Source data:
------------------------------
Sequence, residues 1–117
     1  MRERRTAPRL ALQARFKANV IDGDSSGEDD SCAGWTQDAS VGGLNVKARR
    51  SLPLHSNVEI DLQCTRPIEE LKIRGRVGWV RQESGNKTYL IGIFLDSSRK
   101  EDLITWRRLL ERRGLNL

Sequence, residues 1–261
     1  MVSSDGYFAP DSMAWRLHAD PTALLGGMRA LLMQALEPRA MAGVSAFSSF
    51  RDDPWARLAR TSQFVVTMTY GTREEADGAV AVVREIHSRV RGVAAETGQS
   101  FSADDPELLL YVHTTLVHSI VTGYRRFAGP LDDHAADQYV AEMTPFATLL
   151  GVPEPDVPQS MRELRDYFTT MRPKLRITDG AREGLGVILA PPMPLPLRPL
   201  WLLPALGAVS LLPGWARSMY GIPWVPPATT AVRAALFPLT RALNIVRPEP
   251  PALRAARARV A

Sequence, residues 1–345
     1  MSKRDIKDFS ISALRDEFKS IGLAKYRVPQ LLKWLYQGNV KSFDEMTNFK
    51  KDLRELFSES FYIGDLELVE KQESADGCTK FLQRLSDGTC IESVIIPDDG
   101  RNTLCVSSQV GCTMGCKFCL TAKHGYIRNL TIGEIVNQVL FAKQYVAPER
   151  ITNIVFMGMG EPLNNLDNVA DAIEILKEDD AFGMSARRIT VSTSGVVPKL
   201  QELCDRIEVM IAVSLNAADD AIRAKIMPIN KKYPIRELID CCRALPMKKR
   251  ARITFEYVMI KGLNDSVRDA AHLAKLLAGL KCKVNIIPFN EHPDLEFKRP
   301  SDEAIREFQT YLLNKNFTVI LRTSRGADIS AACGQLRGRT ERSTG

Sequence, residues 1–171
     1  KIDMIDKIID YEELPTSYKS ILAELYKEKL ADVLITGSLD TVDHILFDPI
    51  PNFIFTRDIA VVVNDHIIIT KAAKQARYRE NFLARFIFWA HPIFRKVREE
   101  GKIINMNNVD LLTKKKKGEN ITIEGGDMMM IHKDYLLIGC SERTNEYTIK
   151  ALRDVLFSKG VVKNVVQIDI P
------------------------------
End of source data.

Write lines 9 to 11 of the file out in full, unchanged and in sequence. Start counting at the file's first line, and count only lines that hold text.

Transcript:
   151  GVPEPDVPQS MRELRDYFTT MRPKLRITDG AREGLGVILA PPMPLPLRPL
   201  WLLPALGAVS LLPGWARSMY GIPWVPPATT AVRAALFPLT RALNIVRPEP
   251  PALRAARARV A